My dress dates from the early 1930s.  The waist had moved back to its natural spot, but there is still a dropped waist feature.  The sleeveless bodice and the V neckline are also holdovers from the 1920s.  There are no openings to help get the dress on; it fit over the head like a late Twenties dress.   It must have been a struggle, as I could not even get this dress on my tiny half-mannequin.

Even though the skirt is long, the three front pleats allow for plenty of movement.

The back also has the pointed dropped waist, but without the pleats.

There are no signs of labels, and this appears to be the work of a home sewer, most likely a fairly skilled one.  This would not have been an easy dress to make.  Note how the sewer had the ribbed fabric cut on the length for some pieces, but on the cross for others.

This 1935 Saks Fifth Avenue ad is a bit later than my dress, but you can see how the skirt was a fashionable long length.  By the end of the decade, tennis dresses diverged from the fashionable length, rising to above the knee.  Matching bloomers were worn beneath.  On more casual courts, some girls and women were even wearing shorts, something that still is frowned upon at some tennis clubs.

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Filed under Collecting, Proper Clothing, Sportswear, Summer Sports, Vintage Clothing

Proper Tennis Dress, 1914

The roots of tennis date to the Middle Ages, but the modern game did not emerge until the 1870s.   First played on the great estates of England, the game quickly spread to the US where it retained its elitist air.  The game was played in private clubs, and in mixed sex company.  In fact, women themselves started playing the game.

In the nineteenth century the game was not the fast paced running game of today.  Players generally just passed the ball back and forth across the net, with little running required.  Women actually played in the fashionable dress of the day (including corsets) with few concessions to the sport.  Pre-1900 photos show women playing in swagged skirts, skin tight jackets and constricting sleeves.

There was a reason.  Private clubs and resorts where tennis was played were prime courting territory.   Young unmarried women  and men wanted to look like suitable marriage material, and that meant dressing in the proper manner.  Even though fashion magazines at the time showed proper tennis attire, the dresses were pretty much what a woman would have worn for any outdoor activity.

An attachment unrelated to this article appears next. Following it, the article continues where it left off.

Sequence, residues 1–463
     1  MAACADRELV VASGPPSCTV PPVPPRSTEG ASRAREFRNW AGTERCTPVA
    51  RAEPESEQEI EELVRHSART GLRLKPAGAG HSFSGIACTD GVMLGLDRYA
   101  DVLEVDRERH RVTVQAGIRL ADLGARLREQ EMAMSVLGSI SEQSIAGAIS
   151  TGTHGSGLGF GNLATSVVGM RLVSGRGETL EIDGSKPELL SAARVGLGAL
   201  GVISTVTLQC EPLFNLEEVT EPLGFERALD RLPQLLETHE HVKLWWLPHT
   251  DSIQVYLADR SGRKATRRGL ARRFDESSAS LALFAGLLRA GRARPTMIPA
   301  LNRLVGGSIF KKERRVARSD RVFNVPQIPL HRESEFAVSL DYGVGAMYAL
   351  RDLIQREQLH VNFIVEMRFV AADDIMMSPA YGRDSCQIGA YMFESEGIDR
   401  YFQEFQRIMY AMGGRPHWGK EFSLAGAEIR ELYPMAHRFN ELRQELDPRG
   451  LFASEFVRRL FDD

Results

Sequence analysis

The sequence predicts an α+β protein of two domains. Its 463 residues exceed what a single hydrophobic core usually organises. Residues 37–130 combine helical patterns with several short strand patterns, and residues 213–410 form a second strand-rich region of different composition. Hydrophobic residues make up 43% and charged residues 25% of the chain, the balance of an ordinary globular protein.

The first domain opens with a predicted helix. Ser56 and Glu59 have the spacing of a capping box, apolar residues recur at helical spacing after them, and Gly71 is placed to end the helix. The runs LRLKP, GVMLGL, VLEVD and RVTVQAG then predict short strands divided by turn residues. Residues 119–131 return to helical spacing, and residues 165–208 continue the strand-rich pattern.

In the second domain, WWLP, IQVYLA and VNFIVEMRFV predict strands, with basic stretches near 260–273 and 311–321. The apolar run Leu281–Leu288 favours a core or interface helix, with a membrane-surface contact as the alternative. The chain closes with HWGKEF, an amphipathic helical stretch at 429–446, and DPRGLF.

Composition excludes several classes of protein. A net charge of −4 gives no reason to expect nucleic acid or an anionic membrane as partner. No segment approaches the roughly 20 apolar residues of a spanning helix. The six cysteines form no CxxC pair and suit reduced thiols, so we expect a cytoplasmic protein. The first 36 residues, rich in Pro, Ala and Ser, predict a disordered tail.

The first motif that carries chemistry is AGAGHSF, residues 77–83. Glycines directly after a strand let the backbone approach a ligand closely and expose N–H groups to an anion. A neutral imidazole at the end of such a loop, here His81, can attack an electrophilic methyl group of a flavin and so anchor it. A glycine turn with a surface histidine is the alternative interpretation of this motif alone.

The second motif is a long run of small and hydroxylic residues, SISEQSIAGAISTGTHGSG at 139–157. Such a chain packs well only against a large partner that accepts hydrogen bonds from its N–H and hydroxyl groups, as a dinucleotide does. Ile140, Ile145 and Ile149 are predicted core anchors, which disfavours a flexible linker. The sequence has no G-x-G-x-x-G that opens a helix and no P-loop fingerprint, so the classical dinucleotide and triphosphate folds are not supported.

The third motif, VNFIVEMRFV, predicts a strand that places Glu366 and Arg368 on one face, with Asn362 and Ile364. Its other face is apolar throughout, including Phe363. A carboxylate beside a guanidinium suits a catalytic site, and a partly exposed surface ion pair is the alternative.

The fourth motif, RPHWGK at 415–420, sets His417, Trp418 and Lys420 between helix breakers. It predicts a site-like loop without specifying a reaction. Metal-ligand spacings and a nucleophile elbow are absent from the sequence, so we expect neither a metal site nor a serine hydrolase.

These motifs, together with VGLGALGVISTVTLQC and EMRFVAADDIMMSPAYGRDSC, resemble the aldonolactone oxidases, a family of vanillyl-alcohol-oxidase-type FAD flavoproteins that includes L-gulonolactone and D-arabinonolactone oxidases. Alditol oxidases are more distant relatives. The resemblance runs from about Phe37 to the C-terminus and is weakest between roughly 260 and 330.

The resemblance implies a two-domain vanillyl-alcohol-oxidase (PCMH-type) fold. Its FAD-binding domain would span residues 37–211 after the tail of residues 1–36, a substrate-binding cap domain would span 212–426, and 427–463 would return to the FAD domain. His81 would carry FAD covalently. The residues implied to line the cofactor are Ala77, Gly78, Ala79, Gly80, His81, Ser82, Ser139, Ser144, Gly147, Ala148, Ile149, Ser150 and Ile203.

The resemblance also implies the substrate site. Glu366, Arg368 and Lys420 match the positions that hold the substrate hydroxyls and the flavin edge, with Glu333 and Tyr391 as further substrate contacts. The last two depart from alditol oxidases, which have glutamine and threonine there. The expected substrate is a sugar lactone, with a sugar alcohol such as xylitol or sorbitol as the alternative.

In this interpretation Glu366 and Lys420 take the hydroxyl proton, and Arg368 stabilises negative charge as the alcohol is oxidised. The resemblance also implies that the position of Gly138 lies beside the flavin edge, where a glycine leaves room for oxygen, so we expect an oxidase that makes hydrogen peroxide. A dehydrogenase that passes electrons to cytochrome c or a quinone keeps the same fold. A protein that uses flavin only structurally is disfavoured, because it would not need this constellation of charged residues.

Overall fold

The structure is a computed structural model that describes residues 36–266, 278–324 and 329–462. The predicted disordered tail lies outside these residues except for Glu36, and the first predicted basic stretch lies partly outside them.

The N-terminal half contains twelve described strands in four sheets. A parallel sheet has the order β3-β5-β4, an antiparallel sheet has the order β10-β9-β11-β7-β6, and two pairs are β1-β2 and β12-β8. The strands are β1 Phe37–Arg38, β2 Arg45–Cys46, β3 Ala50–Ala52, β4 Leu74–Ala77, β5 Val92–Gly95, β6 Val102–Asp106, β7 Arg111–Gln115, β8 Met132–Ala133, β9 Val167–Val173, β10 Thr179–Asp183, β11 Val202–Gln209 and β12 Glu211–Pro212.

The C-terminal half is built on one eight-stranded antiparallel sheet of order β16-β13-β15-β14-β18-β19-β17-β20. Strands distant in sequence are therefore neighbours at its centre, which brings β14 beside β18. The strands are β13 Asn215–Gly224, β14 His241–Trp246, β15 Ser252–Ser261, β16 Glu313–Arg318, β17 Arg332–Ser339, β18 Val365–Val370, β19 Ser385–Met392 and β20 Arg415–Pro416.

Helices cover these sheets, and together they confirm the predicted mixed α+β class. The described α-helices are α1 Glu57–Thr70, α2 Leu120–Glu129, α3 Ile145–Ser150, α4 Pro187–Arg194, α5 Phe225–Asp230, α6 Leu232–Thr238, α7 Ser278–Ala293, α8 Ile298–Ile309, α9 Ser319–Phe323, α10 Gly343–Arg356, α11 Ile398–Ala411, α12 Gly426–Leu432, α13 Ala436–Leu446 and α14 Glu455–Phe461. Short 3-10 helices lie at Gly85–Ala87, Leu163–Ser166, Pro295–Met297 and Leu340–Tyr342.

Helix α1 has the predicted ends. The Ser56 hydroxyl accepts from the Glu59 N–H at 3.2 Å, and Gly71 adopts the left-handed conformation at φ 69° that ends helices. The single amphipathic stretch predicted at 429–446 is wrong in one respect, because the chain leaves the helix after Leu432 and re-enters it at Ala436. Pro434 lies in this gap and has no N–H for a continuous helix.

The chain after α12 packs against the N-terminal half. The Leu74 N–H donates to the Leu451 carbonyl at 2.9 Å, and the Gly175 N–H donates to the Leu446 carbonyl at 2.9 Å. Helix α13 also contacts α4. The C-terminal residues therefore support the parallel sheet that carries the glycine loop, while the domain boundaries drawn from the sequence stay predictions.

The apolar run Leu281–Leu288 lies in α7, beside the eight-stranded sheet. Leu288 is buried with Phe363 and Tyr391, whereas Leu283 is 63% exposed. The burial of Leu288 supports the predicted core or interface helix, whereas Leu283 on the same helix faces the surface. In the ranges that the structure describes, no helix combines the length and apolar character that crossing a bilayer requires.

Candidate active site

A big change in tennis wear for women happened around the turn of the twentieth century.  It was discovered that the dark skirt and white waist combination that was so popular with women was well suited to tennis.  The waist was blousy and loose, and the skirt was A shaped and allowed for movement.  The skirt was still long, but it no longer swept the ground.

About the same time, white dresses for summer became the style, and so before long the skirt was white as well.  According to Patricia Campbell Warner in her book When the Girls Came Out to Play, the choice of the color white also appealed to the elite.  It was hard to keep clean and required a lot of care in laundering, requiring time and resources limited to the well-to-do.

In 1914 tennis player and teacher Miriam Hall published a little book titled Tennis for Girls.  Tennis was becoming a fast paced game that required movement of the arms and freedom of the legs.  Ms. Hall gave suggestions on tennis dress in the book.

Clothing, light of weight, should be worn, enabling one to move freely.  There should be no restriction at the neck, and as little as possible at the waist.  To further this, it is wise to substitute for the corset, some good corded waist, or a boned brassiere, the stockings to be supported from the waist or shoulders.  The use of the round garter is worse than foolish – it is often dangerous, leading to the formation of varicose veins.

The sleeves should not extend below the elbows and the skirt should be wide enough to permit a broad lunge and not longer that five inches from the ground.  The best shoe is of soft canvas with a flexible, not too heavy, rubber sole.  If there is a tendency toward fallen arches, a light-weight leather support should be worn inside the tennis shoe.

In the photo Hall is wearing what looks to be a middy over a sports skirt, pretty much the same outfit that schoolgirls across the country were wearing to school each day.

It took a tennis star, Suzanne Lenglen, to bring short skirts and bare arms to the tennis dress.  When she first appeared in such an outfit at Wimbleton in 1919, it was scandalous.  Six years later women were wearing her look on the streets.

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Vintage Miscellany – July 20, 2014

The guy from whom I purchased this photo referred to it as the Atlanta Tennis Club.  By the late 1910s, when this photo was taken, the game of tennis was firmly established in the USA, though I doubt these young players were members at a fancy club.  Surely they did not allow men to play with just one shoe at the renowned Atlanta Athletic Club!